After another preseason of change, we once again saw some all too familiar traits from years gone by. Key players seeking pastures new and our manager moving to a rival Premier League club; giving Les Reed and the board a much busier summer than they would have anticipated. Key decisions had to made to try and push on from a sixth place finish and Europa League qualification – that is quite the task of a club playing in the third tier only five years ago. They chose a relatively unknown Frenchman to take the reigns from a record setting, Champions League winning Dutchman.

Claude Puel was appointed on the 30th of June to replace Ronald Koeman on the recommendation and advice of a certain Arsene Wenger no less. Prior to the former Monaco midfielder’s appointment, Saints had already sold Sadio Mane to Liverpool and Victor Wanyama to Tottenham Hotspur for an estimated combined total of £46 million. Saints were also in extensive talks with Chinese club, Shandong Luneng, for the transfer of Graziano Pelle, with the move being completed a few weeks into Puel’s tenure – leaving him with the unenviable task of meeting his players, assessing them, then going into the transfer market to fill the gaps. With not a huge time-frame from his appointment to the opening game against Watford, himself and the club decided to not bring in any recognised strikers and to put faith into Shane Long, Charlie Austin and Jay Rodriguez. Puel also stated his intent to use new recruit, Nathan Redmond, as a striker – comparing him to former French protege Thierry Henry.

Redmond started life on the South Coast perfectly as he bagged Saints’ equaliser in the opening day draw against Watford, but since then, he’s gone on to score only twice more. Since the start of the season, Redmond has been a figure commonly placed in the starting eleven, meaning Puel has chopped and changed his starting partner. During the opening games of the season, the Frenchmen preferred Long to start alongside the former Norwich man, and rightly so too. After the Ireland international’s impressive goal scoring feat during 2016 he was more than deserving of his place in the starting eleven. But as the opening games of the season unraveled, Long couldn’t rediscover his form of the back end of last season as he failed to score in each of the matches he featured in.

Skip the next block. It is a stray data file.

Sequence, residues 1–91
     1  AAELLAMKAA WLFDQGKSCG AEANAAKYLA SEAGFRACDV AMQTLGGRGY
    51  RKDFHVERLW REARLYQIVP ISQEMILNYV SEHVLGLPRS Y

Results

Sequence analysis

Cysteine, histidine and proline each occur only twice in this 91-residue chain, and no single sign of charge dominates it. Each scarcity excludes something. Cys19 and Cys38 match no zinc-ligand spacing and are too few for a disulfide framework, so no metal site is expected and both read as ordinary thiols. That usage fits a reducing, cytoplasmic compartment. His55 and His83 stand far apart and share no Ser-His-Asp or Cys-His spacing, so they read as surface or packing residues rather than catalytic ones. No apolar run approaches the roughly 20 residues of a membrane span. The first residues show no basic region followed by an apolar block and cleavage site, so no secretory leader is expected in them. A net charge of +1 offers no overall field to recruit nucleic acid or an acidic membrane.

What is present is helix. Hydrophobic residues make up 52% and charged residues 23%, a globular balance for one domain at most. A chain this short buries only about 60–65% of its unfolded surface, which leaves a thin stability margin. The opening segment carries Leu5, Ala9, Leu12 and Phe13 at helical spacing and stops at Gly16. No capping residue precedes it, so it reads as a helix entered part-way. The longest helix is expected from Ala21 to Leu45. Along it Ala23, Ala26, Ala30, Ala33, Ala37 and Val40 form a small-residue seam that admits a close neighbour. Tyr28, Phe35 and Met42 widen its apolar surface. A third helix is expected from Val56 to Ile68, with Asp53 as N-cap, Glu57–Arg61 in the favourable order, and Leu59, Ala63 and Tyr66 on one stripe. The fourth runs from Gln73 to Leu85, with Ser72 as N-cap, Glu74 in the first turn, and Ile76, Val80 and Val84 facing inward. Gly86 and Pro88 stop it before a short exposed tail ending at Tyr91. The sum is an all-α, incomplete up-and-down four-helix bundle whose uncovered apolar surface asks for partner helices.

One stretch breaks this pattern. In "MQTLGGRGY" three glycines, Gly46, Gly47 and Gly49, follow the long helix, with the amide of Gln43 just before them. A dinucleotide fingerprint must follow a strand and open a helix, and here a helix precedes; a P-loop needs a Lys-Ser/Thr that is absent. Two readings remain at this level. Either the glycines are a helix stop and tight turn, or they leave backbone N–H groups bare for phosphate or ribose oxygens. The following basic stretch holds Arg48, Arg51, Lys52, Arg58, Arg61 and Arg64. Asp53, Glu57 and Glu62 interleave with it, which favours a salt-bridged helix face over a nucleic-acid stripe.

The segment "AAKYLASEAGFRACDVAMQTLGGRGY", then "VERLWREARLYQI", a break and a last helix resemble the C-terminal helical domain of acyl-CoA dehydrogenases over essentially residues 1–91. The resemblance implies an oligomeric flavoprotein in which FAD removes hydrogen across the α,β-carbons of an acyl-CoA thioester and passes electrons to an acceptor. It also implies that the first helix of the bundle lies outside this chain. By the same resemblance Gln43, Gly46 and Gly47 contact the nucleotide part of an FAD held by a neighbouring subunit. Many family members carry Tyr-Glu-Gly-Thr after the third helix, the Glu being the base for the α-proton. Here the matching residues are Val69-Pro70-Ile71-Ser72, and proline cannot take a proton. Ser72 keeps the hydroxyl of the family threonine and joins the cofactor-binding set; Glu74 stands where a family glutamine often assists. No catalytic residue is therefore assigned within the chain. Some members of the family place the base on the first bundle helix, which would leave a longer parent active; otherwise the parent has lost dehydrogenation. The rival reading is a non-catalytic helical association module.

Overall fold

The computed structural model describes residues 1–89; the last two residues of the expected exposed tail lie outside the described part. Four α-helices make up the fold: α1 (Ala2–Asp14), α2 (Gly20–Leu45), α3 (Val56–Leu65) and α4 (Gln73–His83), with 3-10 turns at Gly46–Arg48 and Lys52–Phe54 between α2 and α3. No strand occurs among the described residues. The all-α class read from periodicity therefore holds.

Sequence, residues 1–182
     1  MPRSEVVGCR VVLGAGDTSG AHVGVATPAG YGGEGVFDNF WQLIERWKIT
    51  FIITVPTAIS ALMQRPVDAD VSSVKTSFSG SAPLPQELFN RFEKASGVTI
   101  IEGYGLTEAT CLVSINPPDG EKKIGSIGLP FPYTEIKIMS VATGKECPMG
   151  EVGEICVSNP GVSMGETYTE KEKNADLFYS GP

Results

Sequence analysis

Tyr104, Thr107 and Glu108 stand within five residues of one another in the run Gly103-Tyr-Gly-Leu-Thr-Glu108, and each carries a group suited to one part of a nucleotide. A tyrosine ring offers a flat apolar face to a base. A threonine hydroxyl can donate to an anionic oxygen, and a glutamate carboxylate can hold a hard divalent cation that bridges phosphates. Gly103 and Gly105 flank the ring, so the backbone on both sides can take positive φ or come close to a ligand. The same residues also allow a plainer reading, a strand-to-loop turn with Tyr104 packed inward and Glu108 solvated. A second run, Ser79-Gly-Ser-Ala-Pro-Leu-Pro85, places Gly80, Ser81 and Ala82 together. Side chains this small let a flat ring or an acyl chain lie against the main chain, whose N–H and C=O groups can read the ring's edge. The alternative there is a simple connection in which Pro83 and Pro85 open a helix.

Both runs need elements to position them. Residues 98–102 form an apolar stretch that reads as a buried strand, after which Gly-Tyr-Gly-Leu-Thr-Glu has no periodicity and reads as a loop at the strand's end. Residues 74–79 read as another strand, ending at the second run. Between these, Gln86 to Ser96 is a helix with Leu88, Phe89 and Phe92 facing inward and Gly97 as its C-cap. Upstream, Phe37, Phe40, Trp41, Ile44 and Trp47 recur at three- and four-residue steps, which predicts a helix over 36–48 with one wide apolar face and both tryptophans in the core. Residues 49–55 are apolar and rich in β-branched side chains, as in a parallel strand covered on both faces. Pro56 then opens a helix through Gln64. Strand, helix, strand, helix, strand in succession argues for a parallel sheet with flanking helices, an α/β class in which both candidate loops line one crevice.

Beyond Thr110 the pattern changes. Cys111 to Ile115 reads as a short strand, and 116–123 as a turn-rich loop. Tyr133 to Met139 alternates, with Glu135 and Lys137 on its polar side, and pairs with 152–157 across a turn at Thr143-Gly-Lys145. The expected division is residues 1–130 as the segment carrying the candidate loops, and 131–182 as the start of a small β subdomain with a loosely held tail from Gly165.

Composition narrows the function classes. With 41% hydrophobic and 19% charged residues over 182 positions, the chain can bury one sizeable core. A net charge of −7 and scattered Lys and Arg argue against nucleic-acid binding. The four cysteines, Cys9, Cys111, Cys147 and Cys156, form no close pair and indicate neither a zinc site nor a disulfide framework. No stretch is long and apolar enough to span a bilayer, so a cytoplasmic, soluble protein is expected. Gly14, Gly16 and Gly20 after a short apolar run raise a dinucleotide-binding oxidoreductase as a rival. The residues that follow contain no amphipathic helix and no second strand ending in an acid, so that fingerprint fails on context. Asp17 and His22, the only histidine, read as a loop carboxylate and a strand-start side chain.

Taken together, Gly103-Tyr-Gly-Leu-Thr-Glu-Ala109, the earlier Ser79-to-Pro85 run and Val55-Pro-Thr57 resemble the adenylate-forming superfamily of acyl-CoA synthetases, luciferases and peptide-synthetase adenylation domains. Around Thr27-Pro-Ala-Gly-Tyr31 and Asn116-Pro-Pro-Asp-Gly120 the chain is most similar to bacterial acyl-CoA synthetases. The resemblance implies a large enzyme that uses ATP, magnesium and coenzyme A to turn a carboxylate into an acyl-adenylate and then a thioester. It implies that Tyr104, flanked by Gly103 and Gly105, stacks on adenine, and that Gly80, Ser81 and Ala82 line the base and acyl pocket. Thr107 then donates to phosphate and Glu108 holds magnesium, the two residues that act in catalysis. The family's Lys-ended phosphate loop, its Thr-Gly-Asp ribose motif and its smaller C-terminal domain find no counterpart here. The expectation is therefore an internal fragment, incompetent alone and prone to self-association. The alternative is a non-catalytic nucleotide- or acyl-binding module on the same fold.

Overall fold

Subsequently, Puel has rotated his frontline, featuring most commonly Austin as a strike partner with Redmond. Since the Englishman’s first start against Sunderland, Austin has netted on nine occasions in all competitions as he stated his claim as Saints’ best goalscorer. Things were going tremendously for Austin as talk of an England call up became common ahead of Southgate’s announcements. Unfortunately for him however, the call from newly appointed Southgate never came and during Saints’ final Europa League game against Hapoel Be’er Sheva, he landed awkwardly when rising for the ball and dislocated his shoulder. After Saints were eliminated by the Israeli champions, it was revealed that he would need surgery and could miss up to three months of action. This sent Puel back to the drawing board as Saints’ only prolific goalscorer so far will be sidelined for a substantial amount of time.

In comparison to this point last season, as many know, Saints have been far less clinical in front of goal. Before Saints’ game against Norwich on the 2nd of January last season, Ronald Koeman’s men had scored 45 goals in 26 games – averaging 1.7 goals per game. Whereas this season, Saints have scored 30 goals in 29 games – averaging 1.03 goals per game. When examining the stats it’s not hard to see why we haven’t been scoring as much as we could have.

Prior to the trip to Carrow road, Mane had been involved in 15 goals over all competitions; registering seven goals and eight assists. Shane Long had scored seven goals and registered two assists, whilst the beautiful Italian, Pelle, had netted nine times and assisted three times. In comparison to this season, Long has notched just one goal in all competitions, and Nathan Redmond has grabbed just three goals. As previously mentioned, Austin has scored nine goals in all competitions and Jay-Rod has scored four goals, two prior and post his injury – including a wonder strike to seal all three points away at Bournemouth.